Researchers aim to restore heart using stem cells

(Stem Cells News image)

A first-of-its-kind study is just getting underway at University of Minnesota Physicians Heart at Fairview, in Minneapolis. The FDA-approved trial is designed to test the impact of stem cells on restoring the heart’s muscle function in patients suffering from advanced heart failure. The results of the trial could impact the future of health care in the area of heart disease, and may one day save lives (…)

“This trial is designed for heart failure patients in the end stage of heart failure, with no options for treatment,” explained Ganesh Raveendran, M.D., who is the principal investigator of the clinical trial. “The question this trial is designed to answer is whether or not patients on a left ventricular assist device with the stem cell component do better than patients with only the device, which right now is the standard care for patients experiencing advanced heart failure.”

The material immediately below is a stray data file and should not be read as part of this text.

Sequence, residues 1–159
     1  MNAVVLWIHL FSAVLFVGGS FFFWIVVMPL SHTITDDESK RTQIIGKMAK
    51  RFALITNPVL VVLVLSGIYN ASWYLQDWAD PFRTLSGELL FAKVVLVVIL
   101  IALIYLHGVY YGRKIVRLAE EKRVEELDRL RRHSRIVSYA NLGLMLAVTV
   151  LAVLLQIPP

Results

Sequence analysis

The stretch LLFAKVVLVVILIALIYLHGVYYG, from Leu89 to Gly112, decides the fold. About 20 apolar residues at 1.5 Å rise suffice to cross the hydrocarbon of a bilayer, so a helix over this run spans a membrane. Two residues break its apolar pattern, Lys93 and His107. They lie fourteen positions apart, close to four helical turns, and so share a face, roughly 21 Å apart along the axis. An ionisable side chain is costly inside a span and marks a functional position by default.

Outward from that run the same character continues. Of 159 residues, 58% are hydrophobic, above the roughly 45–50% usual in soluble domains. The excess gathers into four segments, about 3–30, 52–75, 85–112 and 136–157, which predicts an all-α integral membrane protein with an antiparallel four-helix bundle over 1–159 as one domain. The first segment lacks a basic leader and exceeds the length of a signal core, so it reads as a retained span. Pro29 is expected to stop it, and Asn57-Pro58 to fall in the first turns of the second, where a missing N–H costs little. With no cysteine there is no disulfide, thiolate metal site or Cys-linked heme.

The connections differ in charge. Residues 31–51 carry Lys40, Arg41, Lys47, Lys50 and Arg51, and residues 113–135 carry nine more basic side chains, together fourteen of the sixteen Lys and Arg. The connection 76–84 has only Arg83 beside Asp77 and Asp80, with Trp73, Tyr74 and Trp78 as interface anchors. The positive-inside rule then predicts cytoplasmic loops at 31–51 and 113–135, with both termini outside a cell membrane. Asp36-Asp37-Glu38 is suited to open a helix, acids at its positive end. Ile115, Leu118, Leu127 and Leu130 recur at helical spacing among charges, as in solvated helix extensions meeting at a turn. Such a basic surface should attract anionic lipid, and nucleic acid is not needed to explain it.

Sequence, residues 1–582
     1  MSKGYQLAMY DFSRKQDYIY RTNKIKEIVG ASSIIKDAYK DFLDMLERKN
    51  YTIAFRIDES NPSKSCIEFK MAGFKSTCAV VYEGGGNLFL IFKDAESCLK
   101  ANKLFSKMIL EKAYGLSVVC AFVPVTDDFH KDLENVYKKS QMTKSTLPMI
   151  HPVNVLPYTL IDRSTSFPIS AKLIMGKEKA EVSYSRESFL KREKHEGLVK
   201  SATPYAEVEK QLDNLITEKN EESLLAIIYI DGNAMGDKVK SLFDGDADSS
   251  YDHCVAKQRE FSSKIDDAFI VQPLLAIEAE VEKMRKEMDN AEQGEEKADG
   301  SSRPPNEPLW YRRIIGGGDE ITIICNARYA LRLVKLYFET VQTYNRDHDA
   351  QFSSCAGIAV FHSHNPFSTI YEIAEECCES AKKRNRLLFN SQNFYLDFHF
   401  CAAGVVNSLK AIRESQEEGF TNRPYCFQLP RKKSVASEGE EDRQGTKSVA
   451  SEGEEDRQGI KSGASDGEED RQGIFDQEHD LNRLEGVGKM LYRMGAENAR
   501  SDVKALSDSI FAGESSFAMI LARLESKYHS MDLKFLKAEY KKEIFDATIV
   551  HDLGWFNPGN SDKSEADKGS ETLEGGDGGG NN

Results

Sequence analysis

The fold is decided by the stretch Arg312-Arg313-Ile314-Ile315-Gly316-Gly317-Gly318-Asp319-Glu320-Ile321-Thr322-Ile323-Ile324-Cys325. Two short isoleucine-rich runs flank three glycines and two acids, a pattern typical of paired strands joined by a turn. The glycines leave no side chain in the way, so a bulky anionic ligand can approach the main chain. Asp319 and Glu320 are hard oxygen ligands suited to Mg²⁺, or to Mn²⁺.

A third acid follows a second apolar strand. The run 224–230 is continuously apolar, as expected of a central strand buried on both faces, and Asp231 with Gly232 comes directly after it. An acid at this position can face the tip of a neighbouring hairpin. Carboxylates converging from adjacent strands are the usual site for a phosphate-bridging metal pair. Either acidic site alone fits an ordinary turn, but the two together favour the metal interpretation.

The trial is currently enrolling qualified patients. All patients involved in the study will undergo a marrow harvest in which stem cells will be taken from the marrow of their own hip bone. Then, during implantation of the LVAD, two thirds of the patients enrolled in the study will receive an injection of their own stem cells. A third of the patients will be randomly assigned to the control group, and will receive only an LVAD and an injection of saline.

The trial is double-blind, meaning U of M researchers will not know which patients have received stem cells and which did not until the trial concludes (…)

Throughout the trial, Magnuson and the other patients will undergo a series of tests in which doctors slowly decrease the effort of the LVAD and place more pressure back on the heart’s own pumping function. The purpose of the tests is to assess the impact of the stem cells on restoring the functionality of heart muscle. Researchers want to know whether there is any improvement in the size of the heart and the pressure inside the heart chambers. The tests include echocardiograms, PET scans, walking assessments, blood pressure measurements and quality-of-life questioning (…)

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